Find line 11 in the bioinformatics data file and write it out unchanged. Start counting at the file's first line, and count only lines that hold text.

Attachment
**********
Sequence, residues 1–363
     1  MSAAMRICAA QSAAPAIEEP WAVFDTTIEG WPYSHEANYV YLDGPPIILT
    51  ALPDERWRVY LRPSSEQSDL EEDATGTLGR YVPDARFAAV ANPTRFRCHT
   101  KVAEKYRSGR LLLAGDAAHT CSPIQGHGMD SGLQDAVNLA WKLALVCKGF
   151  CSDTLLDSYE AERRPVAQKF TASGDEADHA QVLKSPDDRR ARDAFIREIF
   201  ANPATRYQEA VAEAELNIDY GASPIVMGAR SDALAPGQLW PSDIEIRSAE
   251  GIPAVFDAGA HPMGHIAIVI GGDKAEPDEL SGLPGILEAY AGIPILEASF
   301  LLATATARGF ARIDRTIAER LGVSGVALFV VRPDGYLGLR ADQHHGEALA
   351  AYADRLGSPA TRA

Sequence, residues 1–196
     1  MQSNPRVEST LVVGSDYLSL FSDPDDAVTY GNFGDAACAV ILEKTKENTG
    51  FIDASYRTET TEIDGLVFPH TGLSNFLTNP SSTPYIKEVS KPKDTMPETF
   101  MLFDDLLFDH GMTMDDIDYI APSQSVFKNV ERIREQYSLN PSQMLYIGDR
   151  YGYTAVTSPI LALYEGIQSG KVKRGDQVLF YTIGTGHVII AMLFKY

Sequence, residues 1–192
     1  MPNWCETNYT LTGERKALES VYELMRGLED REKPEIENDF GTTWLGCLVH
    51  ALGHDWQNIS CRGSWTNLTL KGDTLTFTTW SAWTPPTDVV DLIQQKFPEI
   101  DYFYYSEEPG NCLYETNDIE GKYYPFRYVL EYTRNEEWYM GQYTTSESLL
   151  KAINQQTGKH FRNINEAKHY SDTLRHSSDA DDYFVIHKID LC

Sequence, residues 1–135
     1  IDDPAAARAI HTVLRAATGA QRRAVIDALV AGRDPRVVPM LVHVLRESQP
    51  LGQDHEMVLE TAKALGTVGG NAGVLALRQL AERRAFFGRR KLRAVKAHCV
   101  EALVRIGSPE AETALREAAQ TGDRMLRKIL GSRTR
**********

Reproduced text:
     1  MQSNPRVEST LVVGSDYLSL FSDPDDAVTY GNFGDAACAV ILEKTKENTG